S. pyogenes, also known as Group A Streptococcus (GAS), is a Gram-positive human pathogen that causes a variety of diseases ranging from mild superficial infections such as impetigo and pharyngitis to life-threatening invasive or toxigenic diseases including myositis, necrotizing fasciitis, and streptococcal toxic shock syndrome. Immune-mediated post-streptococcal sequelae such as rheumatic fever and acute glomerulonephritis may develop following acute GAS infections such as pharyngitis. Diseases caused by S. pyogenes are a major public health concern both in developed and developing countries. A recent survey estimated that severe GAS diseases (post infectious sequelae and invasive infections) cause over a half million deaths each year . More than 30 million cases of streptococcal pharyngitis and approximately 9,000–12,300 cases of invasive GAS disease occur each year in the U.S (see http://www.cdc.gov/abcs/reports-findings/surv-reports.html).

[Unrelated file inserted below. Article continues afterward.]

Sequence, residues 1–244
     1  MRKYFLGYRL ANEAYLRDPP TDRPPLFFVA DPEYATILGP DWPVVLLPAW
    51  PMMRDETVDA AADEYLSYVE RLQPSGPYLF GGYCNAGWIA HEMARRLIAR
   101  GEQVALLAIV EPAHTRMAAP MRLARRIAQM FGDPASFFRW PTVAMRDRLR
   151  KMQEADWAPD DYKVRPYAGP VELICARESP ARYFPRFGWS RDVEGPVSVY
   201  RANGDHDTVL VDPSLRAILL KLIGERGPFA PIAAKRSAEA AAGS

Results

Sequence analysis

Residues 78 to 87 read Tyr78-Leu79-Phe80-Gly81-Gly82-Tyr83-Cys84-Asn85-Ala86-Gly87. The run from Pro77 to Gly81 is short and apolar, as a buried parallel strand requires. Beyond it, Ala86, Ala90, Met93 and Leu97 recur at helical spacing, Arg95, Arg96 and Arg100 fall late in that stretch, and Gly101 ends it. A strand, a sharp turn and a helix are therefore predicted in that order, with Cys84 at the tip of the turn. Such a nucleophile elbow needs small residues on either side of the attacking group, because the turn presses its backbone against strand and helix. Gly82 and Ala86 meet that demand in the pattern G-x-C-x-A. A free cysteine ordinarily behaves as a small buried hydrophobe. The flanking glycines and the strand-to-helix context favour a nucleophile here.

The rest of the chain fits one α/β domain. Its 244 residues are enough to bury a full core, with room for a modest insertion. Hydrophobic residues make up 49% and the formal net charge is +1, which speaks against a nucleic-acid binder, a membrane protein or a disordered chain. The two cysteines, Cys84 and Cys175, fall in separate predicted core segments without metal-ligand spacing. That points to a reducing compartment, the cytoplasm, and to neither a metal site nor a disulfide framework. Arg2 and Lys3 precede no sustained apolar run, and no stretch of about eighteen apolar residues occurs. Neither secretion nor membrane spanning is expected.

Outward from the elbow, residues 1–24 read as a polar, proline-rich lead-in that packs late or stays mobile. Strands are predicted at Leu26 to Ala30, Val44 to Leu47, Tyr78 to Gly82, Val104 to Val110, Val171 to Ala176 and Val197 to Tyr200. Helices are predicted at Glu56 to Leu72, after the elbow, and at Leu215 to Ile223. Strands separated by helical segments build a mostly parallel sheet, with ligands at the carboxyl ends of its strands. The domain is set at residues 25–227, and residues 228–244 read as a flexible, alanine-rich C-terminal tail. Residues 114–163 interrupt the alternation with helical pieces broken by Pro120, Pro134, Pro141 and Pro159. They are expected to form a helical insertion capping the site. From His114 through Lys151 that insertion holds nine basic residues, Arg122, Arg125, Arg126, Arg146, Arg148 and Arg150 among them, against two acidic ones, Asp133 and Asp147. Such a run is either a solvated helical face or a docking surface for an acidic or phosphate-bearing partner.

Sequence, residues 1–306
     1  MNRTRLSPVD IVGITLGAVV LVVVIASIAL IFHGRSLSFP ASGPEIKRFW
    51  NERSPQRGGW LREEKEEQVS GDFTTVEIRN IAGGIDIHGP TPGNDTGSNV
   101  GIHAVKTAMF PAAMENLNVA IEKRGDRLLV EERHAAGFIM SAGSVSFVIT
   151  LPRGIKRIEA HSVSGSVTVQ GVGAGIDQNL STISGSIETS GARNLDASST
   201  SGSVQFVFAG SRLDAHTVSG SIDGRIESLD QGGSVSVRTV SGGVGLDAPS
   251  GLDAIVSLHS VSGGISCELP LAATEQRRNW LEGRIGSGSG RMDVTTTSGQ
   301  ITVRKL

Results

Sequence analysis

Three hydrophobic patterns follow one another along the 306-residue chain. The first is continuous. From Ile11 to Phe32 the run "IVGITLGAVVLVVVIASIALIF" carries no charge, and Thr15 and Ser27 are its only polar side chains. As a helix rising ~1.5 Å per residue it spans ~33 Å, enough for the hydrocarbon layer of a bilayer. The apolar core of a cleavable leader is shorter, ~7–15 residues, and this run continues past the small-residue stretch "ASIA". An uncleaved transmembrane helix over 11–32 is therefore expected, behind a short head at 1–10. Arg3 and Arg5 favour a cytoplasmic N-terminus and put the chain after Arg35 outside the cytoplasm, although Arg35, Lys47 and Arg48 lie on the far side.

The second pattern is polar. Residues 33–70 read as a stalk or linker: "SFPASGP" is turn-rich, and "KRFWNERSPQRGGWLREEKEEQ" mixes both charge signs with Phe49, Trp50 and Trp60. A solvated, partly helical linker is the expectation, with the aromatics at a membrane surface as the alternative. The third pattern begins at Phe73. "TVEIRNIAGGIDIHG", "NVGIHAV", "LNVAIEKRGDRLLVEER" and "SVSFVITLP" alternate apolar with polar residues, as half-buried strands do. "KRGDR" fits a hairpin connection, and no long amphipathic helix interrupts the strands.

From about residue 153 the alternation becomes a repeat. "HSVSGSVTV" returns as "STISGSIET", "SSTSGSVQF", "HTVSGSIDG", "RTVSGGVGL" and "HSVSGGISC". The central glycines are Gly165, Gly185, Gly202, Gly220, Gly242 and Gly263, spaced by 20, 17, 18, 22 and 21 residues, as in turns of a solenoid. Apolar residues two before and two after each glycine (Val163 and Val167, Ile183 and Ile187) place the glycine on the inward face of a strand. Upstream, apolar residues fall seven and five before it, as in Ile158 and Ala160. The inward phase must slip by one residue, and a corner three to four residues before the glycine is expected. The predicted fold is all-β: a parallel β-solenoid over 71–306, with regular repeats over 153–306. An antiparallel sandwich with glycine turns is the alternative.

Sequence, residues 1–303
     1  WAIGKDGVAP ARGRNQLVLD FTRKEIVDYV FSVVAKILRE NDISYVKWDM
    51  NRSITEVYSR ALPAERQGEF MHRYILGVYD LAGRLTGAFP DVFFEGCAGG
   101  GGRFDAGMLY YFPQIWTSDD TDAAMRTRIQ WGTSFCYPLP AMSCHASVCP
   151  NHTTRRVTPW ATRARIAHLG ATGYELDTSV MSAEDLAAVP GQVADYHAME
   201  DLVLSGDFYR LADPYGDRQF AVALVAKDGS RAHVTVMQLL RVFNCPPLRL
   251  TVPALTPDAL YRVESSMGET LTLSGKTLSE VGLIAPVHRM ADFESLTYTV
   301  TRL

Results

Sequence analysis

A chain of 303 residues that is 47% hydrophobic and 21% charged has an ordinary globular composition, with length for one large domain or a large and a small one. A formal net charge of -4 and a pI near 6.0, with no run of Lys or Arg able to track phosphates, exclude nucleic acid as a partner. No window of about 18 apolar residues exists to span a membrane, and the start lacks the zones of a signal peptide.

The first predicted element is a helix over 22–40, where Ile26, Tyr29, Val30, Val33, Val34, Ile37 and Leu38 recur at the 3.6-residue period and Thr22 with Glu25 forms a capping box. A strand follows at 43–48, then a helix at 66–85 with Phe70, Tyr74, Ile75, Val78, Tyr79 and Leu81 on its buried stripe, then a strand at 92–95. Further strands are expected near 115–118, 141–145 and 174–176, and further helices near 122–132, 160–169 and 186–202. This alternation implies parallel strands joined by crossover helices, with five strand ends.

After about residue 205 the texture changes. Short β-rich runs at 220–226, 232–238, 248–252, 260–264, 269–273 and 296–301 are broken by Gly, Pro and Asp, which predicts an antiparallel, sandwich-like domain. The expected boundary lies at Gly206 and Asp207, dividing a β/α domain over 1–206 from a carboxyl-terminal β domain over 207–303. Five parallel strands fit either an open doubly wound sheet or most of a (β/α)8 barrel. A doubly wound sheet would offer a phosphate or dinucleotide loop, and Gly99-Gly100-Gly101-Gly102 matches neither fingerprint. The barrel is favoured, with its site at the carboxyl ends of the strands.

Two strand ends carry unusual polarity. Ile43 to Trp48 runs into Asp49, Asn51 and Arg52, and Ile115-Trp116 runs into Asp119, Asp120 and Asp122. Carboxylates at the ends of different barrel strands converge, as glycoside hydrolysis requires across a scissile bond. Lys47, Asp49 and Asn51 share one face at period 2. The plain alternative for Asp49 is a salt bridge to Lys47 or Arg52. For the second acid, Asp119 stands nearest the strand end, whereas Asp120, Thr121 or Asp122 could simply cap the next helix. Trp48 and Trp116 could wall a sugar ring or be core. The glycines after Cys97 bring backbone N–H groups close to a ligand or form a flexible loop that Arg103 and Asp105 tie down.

There is undoubtedly a complex interplay between the levels of expression of various bacterial virulence factors and environmental factors. Temperature shifts are important environmental signals that pathogens frequently encounter when initiating infection, since internal host temperatures are higher than environmental or external host surface temperatures. Thermoregulation of virulence factor levels potentially contributes to attachment to or invasion of host tissues through enhanced expression of adhesins or antiphagocytic factors and reduced expression of proteins normally targeted by the host immune responses , .